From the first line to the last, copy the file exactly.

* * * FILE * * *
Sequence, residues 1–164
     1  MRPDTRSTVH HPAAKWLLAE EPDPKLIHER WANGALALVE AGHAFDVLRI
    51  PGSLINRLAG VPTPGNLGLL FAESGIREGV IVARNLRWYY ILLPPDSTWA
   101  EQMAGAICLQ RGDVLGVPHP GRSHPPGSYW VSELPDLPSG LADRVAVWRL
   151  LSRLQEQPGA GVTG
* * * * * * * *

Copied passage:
Sequence, residues 1–164
     1  MRPDTRSTVH HPAAKWLLAE EPDPKLIHER WANGALALVE AGHAFDVLRI
    51  PGSLINRLAG VPTPGNLGLL FAESGIREGV IVARNLRWYY ILLPPDSTWA
   101  EQMAGAICLQ RGDVLGVPHP GRSHPPGSYW VSELPDLPSG LADRVAVWRL
   151  LSRLQEQPGA GVTG